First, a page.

Under the Microscope: Social Media Activism

12:13 PM

One day, years ago, I got introduced to the world of activism through social media. 

I scoured through hundreds of posts, which simply outlined for me the mechanics of feminism, cultural appropriation, Black Lives Matter, and so much more. My eyes were opened to the disparities, big and small, myself and other groups faced. Daily, I began to see discriminatory tendencies ingrained into our everyday lives that inherently set back many communities. I was aware. However, while social media activism has its benefits, it also has its drawbacks. In another long foregone installment of "Under the Microscope", we'll see how social media has affected the social justice movement, mainly through the lens of my personal opinion.

The Good: Bite-Sized Education

From my personal experience, social media has been a powerful tool in successfully spreading the word on social justice issues. Namely, Black Lives Matter was bred as a simple hashtag, and has grown into a vast movement; gaining the support of millions. I think this sort of diffusion is partly due to the format in which social media presents information. Tweets and Instagram pictures are simple, and straightforward- an asset in a society with a low attention span. They are also by the people. With that I mean that the information is shown in terms that are easy for the everyday person to understand. It's condensed in a "what you need to know" format that helps us forgo scouring through scholarly articles for a single fact. It's also accessible. All it takes is a simple follow for an array of information to be given to you directly. One needs not to go out of their way to conduct their own research, instead they can gain knowledge off of an activity they do otherwise: scrolling through social media. Finally, it can make a difference. If something gets a considerable amount of activity on the internet, people with a real influence on the dynamics of government can take notice. It is now easier than ever to declare your affinities, and get your stances noticed financially, politically, or otherwise. Grassroots organizations have more leverage now. Social media has given myself, and countless others, a glimpse into the world of equality; and an outline into the general things we should know. Things we would have otherwise been completely ignorant about. For many, social media is one of the only gateways outside a sheltered world. However, can social media do better? I think so. One of the things that personally bothers me about is calling out culture, and the superficiality of activism. 

The Bad: Calling out Culture and Superficiality

Calling out culture is exactly what the name implies. Calling someone out on social media for a remark or action they have made that is problematic. This is often seen most in celebrities; whose lives are available for the scrutiny of millions online. Sometimes, calling out culture is a real weapon in raising awareness. People of influence can call to attention why something is wrong, and use their platforms to spread awareness. However, there is a point where calling out culture becomes less about growth and more about superiority. I dislike calling out culture in the sense that people are not allowed to educate themselves, that their growth is derailed from actions they have committed long ago. Social media triggers this with its longevity; its ability to retain and display a person’s thoughts dating back years. The way people online fully dismiss someone as good or bad based on one action discourages many from participating in the discourse that is unlearning problematic behavior. Those who carry out the action of calling someone out also carry an aura of superiority, of the fact being they are “more woke” than other people. The truth is nobody is wholly problematic or not; there is always room for improvement. If we just call someone out by saying what they’re doing is wrong (in those areas many deem gray, like cultural appropriation. Racism, of course, is inherently wrong), what inclination do they have to change their ways based on the declaration of an online avatar? It is only human to get defensive and bitter in the face of confrontation, something which calling out culture draws. I think we should pair calling out culture with education. Be it a full-on explanation, links to articles, or a simple plea to Google so-and-so subject, a little bit of learning goes a long way. And, if that doesn’t work? Well, it’s doesn’t have to be one’s job to convince them so.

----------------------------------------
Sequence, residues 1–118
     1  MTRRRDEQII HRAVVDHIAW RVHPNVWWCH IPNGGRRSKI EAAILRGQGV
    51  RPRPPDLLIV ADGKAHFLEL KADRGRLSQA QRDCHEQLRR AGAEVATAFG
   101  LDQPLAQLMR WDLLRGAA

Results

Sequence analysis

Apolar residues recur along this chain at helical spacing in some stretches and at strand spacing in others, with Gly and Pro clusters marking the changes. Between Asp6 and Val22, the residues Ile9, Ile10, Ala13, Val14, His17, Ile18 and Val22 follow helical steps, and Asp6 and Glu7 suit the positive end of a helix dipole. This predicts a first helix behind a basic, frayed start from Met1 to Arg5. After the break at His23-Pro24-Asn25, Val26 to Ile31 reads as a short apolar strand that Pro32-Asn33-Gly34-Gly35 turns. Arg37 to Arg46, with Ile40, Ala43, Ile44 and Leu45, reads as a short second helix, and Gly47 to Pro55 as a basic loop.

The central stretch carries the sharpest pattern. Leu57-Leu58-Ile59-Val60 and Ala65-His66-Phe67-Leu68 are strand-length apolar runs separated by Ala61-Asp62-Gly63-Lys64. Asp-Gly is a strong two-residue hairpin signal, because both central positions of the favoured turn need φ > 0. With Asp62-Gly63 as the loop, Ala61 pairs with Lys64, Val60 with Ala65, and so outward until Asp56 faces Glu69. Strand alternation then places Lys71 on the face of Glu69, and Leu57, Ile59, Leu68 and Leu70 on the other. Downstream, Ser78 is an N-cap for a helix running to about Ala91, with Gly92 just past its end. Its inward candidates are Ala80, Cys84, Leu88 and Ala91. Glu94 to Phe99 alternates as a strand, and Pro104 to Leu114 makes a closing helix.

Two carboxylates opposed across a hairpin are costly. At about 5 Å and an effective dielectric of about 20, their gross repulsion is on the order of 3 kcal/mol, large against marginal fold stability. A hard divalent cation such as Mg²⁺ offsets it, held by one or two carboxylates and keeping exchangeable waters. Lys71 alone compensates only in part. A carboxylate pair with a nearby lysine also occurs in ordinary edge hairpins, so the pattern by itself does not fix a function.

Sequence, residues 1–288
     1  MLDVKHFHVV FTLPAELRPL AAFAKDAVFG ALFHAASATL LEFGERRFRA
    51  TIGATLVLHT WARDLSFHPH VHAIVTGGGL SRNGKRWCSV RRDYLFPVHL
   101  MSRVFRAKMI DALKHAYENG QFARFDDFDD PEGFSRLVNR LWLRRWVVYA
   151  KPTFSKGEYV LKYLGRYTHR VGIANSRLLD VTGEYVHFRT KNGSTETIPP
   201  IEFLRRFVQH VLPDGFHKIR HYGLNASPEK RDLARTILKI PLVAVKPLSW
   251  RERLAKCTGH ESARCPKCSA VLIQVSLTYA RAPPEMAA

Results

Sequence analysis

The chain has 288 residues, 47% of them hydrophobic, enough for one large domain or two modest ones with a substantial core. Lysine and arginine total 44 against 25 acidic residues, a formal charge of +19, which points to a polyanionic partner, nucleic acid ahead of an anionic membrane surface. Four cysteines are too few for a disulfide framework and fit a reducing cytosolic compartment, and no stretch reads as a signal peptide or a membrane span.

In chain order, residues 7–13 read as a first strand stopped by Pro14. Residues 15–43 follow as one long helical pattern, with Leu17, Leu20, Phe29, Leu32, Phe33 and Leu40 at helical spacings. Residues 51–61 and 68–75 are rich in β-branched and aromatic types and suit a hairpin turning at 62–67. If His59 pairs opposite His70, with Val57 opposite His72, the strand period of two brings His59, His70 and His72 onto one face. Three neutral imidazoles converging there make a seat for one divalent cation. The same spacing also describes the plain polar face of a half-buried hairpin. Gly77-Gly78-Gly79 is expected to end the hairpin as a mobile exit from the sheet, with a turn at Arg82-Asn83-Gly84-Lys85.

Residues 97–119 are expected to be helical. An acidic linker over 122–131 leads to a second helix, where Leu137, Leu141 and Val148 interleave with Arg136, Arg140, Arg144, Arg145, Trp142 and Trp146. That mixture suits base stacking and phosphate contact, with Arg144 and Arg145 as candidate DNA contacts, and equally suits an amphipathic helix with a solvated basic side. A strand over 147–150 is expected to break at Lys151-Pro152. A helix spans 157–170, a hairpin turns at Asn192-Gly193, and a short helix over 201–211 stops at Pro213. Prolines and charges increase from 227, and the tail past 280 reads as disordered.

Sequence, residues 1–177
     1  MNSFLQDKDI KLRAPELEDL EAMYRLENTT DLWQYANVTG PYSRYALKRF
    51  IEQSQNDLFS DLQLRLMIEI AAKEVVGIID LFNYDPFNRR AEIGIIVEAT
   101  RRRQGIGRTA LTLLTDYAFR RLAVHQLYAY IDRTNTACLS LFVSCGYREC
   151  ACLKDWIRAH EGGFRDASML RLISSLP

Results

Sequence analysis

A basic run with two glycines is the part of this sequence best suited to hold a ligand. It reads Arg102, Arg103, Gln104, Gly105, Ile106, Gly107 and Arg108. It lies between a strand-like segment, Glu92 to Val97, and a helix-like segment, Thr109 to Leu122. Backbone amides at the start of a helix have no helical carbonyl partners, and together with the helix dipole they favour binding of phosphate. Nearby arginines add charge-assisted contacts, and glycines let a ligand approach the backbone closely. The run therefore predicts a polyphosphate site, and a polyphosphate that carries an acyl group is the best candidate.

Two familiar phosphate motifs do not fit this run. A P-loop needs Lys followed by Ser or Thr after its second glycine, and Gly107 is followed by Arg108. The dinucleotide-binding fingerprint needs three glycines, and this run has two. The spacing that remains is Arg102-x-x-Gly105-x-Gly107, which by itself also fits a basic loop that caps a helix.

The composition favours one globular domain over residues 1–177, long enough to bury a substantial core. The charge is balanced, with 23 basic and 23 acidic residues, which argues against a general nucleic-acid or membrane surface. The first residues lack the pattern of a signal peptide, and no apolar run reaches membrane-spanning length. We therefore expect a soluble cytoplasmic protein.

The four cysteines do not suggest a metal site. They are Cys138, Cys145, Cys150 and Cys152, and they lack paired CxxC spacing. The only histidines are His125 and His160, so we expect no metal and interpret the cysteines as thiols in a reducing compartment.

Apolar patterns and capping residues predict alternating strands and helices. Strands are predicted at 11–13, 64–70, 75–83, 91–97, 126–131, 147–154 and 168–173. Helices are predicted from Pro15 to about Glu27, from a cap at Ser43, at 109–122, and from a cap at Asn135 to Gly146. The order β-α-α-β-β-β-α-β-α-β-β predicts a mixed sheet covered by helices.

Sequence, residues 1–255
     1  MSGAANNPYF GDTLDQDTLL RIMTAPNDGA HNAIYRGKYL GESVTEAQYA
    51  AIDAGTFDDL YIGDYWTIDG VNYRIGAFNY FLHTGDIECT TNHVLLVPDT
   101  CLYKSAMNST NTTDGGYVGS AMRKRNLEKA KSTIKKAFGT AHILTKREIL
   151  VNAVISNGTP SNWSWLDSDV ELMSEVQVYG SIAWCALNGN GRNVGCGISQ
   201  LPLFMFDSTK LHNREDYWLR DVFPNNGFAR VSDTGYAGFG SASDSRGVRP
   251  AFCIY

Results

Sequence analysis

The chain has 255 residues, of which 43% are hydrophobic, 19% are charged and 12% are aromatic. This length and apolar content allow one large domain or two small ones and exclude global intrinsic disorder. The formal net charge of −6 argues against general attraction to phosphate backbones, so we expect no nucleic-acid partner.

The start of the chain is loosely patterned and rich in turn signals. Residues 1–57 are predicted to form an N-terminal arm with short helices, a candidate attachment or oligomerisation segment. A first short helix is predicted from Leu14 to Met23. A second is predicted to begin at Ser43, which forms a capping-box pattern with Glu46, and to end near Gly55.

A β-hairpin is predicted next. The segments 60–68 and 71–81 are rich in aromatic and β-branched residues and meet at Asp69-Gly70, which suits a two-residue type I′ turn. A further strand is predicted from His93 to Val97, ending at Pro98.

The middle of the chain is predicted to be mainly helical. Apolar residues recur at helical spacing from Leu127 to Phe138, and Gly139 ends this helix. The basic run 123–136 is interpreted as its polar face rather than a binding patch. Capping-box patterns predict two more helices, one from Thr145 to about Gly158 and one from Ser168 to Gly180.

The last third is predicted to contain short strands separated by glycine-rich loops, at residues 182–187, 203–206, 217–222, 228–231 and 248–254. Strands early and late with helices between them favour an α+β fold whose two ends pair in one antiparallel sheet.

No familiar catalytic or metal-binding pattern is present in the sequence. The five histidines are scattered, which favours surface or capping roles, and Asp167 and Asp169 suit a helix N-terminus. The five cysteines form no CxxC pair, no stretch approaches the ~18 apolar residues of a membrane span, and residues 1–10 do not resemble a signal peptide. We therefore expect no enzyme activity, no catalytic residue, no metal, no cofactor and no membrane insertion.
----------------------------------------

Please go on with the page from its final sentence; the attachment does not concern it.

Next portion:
Another part of the social media activism I dislike is the superficiality of it all. People think it’s as easy as posting a deep quote, retweeting a problematic news event, or, even, calling someone out. While this does wonders in spreading awareness on a problem, it does little to combat it. While wearing a T-shirt that says “feminist” on is a great way to declare your solidarity with the cause, what are you doing to help out? You can do something tangible, like donating your time, money, or items to a women’s shelter. Alternatively, you can also be mindful of the type of information you share. Sharing links to funding pages, petitions, and more can be just as impactful as calling out a problem.

Social media activism, like many of the other forms of media we consume, can hold both amazing and detrimental aspects. On a personal note (well, that was pretty much this whole article, wasn’t it?), I was a bit iffy on this because of the rampant neoliberalism of it all- which I am not sure if I align with…more on that in another article. Also, I am not sure if I am in the position to be spewing out these opinions. In my eyes, I am just a blatant observer and recorder. So, what should the next “Under the Microscope” be on?

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